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Recruiting Women for Top Technology Jobs: WE CAN DO IT!

Lionseye insights from AC Lion

We see it every day.  Those depressingly low numbers of women in tech jobs, especially leadership positions.  As a leading digital recruiter, and with our strengths residing in the areas of emerging platforms as well as the tech industries, AC Lion recruiters as well as those across the country see those statistics on the low number of women in technology. Solutions are not easy nor immediate but we owe it to our candidates and clients alike to offer creative approaches to this problem.

How bad is it? Google self-reported that as of January 2015, women still held only 30% of Google’s jobs. Women now make up 18% of Google’s technical employees, but that’s up one measly percentage point from 2014. Wired reported, “Only 11% of all engineers in the U.S. are women, according to the Department of Labor.”

Ann Friedman wrote cleverly about the issue in The Washington Post “The tech industry may have a problem with women, but women don’t have a problem with technology.”

How do we, as recruiters, bring women into the tech space? Here are some tips.

Get Involved with Women’s Tech Groups: Networking

We’re huge fans of networking and have participated with Women in Wireless, a non-profit group promoting women in mobile and digital media.  AC Lion recruiters have spoken on such topics as “Closed Mouths Don’t Get Fed,” a webinar on negotiating jobs and Upward Mobility, about women building companies in the NYC start up scene, and how those companies are appealing to female customers.

According to the Washington Post, “… there’s a huge network of women in tech, and they’re working together to transform the industry — and each other’s careers.” We can expand our net in finding outstanding candidates by getting more involved with organizations that have sprung up like Girls Who Code, Women Who Code, Black Female Coders and Latinas in Computing.

Make Hiring Women a Priority

Alexis Maybank, founder of and strategic adviser to Gilt Group, says, “Corporations can prioritize the hiring of more women in their recruiting and outreach efforts.” As recruiters, we can suggest to our clients how to shore up their weaknesses, especially if they lack women in their technology and engineering sectors.

Will Your Female Candidate be the Only Woman at the Table?

Consider the interview process–how and by whom she will be interviewed?  “People won’t want to come to a place where they are, say, the only…female on the team,” reminds Jane Chwick, a retired partner of Goldman Sachs and former co–chief operating officer of the technology division.

Also consider if your female tech candidate will be interviewed by a man at your own agency. ThoughtWorks, a Chicago-based tech consulting firm, tries to ensure at least one female interviewer is included in the interview process.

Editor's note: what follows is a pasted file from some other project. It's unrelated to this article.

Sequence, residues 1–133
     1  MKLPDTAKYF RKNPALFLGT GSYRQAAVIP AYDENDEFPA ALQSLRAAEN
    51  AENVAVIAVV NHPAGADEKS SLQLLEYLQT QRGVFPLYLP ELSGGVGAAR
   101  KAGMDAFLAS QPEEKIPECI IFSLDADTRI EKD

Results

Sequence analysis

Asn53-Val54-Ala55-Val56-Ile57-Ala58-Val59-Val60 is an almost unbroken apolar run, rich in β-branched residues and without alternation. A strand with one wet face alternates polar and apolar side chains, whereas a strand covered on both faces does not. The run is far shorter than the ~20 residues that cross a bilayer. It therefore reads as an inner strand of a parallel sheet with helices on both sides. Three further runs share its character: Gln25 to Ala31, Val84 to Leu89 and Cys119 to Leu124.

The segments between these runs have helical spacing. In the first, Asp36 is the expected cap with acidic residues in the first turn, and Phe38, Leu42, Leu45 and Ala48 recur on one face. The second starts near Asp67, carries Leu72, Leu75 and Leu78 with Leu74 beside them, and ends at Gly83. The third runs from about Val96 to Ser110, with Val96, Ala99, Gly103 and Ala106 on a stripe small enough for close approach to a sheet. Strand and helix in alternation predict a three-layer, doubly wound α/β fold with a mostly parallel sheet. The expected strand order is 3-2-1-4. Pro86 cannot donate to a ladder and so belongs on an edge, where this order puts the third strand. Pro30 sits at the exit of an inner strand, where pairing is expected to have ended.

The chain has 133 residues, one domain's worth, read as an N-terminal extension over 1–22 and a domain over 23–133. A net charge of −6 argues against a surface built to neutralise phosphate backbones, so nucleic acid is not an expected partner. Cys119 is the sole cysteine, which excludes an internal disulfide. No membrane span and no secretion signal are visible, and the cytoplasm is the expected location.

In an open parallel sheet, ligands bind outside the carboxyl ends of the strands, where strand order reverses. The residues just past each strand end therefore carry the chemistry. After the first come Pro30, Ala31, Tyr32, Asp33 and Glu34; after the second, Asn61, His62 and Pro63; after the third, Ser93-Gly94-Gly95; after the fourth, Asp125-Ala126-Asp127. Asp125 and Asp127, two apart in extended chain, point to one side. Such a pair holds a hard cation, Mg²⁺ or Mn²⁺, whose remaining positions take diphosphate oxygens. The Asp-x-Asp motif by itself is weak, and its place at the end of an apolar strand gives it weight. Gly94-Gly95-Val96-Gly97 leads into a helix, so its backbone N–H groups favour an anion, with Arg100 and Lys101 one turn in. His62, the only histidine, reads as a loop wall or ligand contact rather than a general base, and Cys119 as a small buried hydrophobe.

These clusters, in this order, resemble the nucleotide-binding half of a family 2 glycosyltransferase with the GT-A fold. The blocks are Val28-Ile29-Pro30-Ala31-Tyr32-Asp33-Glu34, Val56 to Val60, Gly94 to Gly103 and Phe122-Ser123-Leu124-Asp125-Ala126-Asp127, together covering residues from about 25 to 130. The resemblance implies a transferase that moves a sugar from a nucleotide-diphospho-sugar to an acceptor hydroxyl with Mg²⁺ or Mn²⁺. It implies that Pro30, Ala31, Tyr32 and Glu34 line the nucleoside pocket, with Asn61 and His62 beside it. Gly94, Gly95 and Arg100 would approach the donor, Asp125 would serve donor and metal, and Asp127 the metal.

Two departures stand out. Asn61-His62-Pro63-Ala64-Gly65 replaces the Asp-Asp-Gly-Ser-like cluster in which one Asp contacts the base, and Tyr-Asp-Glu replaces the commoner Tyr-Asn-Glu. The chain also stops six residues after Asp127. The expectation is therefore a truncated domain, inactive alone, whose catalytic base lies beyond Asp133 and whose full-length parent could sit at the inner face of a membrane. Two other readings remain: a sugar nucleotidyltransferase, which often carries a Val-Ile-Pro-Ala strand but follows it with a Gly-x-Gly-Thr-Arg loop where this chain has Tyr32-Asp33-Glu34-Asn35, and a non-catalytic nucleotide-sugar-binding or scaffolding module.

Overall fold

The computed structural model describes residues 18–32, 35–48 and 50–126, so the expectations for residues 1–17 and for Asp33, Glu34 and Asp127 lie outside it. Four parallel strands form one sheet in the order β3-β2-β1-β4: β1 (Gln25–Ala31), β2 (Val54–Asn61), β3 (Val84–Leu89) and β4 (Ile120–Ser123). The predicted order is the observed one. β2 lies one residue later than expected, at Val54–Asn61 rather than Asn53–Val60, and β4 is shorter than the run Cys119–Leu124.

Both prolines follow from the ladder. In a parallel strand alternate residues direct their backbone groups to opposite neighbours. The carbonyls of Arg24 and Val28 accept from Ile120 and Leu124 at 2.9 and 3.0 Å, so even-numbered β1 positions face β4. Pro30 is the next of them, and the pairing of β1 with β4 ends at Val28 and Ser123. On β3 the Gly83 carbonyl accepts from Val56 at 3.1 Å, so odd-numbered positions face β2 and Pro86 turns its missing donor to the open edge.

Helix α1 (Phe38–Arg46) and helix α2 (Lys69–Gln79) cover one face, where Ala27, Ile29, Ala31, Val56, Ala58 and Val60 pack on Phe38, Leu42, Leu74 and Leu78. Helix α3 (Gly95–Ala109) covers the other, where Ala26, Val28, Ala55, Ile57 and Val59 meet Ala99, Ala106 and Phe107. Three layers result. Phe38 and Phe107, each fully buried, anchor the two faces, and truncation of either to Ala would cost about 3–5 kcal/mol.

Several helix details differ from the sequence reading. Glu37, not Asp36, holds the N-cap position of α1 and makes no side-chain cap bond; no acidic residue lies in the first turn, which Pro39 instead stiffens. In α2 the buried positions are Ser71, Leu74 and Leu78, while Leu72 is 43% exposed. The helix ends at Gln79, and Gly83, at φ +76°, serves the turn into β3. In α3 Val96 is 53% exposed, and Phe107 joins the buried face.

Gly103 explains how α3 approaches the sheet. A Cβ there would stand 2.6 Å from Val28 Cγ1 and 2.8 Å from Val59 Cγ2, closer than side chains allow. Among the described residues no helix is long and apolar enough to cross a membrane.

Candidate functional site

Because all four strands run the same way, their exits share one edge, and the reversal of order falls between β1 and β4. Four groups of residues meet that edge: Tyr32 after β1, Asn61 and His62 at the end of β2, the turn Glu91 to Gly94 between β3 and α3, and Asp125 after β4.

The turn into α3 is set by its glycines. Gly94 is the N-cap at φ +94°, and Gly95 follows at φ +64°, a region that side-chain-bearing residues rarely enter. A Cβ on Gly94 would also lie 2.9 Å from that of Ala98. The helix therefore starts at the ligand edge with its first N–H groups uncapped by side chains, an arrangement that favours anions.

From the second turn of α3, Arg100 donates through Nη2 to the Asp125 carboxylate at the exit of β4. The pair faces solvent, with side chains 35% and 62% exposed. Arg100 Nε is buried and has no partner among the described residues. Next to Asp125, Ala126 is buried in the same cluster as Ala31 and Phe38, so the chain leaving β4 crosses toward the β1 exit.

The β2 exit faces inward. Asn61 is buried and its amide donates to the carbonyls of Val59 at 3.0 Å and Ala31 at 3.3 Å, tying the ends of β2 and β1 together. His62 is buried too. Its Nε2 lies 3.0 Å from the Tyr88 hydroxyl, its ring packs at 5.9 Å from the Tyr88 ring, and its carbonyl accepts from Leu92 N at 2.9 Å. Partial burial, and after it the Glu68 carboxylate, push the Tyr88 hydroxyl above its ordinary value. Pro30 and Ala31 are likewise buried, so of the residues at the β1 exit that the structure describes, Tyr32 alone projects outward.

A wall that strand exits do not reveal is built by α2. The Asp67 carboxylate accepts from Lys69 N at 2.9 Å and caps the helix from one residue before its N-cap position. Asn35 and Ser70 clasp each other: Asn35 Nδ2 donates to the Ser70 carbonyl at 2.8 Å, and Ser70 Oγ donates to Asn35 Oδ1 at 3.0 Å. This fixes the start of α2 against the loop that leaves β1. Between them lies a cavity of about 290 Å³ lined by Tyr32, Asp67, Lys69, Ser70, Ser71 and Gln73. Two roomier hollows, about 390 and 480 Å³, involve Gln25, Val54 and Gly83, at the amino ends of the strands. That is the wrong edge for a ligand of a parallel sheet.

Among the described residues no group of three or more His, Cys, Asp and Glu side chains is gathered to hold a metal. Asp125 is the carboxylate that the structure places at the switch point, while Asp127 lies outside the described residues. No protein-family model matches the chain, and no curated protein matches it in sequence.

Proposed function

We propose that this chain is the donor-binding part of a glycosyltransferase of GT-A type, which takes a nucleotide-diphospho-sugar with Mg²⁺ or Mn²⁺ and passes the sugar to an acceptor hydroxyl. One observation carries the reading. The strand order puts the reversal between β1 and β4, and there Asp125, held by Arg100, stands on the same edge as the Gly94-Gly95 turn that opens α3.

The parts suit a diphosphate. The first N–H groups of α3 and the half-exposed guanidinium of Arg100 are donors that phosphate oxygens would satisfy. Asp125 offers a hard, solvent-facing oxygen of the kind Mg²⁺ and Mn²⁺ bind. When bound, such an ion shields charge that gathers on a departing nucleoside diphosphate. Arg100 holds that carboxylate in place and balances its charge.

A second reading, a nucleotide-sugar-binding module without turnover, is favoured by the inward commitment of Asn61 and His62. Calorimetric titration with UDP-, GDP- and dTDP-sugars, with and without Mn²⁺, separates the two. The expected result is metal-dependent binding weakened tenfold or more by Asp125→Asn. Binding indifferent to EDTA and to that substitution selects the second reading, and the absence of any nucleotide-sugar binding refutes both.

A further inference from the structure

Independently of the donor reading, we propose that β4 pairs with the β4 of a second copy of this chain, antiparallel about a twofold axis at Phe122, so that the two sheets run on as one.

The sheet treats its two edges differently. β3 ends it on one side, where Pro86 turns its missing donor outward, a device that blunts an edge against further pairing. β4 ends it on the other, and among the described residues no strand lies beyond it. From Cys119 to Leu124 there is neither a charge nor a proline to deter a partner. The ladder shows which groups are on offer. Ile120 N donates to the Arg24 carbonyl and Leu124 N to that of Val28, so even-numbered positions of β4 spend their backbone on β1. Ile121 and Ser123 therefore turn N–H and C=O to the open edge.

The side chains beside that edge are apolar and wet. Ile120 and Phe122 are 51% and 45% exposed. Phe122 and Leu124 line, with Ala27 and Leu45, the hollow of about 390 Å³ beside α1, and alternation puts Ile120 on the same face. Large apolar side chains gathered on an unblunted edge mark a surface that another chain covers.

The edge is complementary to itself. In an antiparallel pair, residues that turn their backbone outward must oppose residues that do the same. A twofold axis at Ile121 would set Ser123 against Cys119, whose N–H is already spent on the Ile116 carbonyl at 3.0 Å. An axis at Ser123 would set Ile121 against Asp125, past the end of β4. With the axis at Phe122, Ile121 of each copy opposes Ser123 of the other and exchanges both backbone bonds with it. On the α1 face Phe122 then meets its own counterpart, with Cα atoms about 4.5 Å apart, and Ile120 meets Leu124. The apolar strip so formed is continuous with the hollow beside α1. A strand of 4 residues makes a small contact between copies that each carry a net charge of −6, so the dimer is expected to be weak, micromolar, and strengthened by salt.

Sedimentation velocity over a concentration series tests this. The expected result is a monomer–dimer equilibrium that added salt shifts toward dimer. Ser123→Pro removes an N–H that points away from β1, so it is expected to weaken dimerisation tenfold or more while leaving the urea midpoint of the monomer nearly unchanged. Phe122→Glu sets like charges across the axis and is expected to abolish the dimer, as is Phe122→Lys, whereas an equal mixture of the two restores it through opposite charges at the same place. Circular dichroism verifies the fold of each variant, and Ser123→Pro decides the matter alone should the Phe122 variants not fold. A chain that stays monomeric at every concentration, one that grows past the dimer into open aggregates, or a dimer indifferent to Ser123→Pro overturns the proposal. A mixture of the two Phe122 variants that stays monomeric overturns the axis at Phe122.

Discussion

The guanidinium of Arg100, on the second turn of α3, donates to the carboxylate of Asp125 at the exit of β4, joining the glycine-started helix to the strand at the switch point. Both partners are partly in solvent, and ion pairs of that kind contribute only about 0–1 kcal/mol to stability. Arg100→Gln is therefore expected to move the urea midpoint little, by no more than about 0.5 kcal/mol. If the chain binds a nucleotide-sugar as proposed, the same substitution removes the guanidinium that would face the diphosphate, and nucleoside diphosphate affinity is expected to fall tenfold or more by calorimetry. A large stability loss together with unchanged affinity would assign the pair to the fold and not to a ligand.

Combat Unconscious Bias in Hiring

According to Scientific American, research from Yale on scientists presented with application materials for a lab manager position showed that given the same application, half showing male names and half showing female names, scientists rated the female applicants significantly lower than males in competence levels and on whether they’d hire them.

ThoughtWorks combats the unconscious biases that lead interviewers to hire someone who looks like themselves by having interviewers reflect on prejudices that may have crept into their assessments. This aspect proved key in increasing the numbers of women hired over five years.

Rachel Wenig

What’s the Company Culture?  And What’s Reflected Online?

Many job seekers check out a prospective employer on Glassdoor, Indeed, Wikipedia, etc. before interviewing. What do your company pictures and job listings reflect about your culture?  Is it the stereotypical Silicon Valley bro-centered start-up?

Those well-written job listings might actually include words that show a company’s culture as unwelcoming and male-dominated. (See Stephen Shearman’s article, “You Don’t Know It, But Women See Gender Bias in Your Job Postings”)

Gender Diversity Helps You with Your Clients, Too

Diversity in the workplace is not just a do-gooder idea but has business benefits.  It helps bring other viewpoints and ideas to the table regarding market insights, problem-solving and networking.  Companies cannot afford to ignore 50% of the potential customers out there.  That’s a lot of revenue left on the table.

Advocate for More Women

“Being an advocate means…(you) advocate for (women) to move into roles or be exposed to… jobs that maybe they wouldn’t have otherwise had access to or known about, “ said Jamie Miller, senior vice president and chief executive officer of GE Transportation.

Let’s engineer a better future. We can do it!

Check out our leadership roles in digital and tech HERE.